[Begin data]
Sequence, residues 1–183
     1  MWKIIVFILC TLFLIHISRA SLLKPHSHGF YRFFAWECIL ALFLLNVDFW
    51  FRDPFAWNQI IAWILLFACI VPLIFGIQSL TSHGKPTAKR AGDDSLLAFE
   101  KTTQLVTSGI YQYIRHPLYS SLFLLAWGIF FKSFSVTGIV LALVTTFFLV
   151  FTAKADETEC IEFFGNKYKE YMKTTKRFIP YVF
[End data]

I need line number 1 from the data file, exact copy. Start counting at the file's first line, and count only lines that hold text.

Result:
Sequence, residues 1–183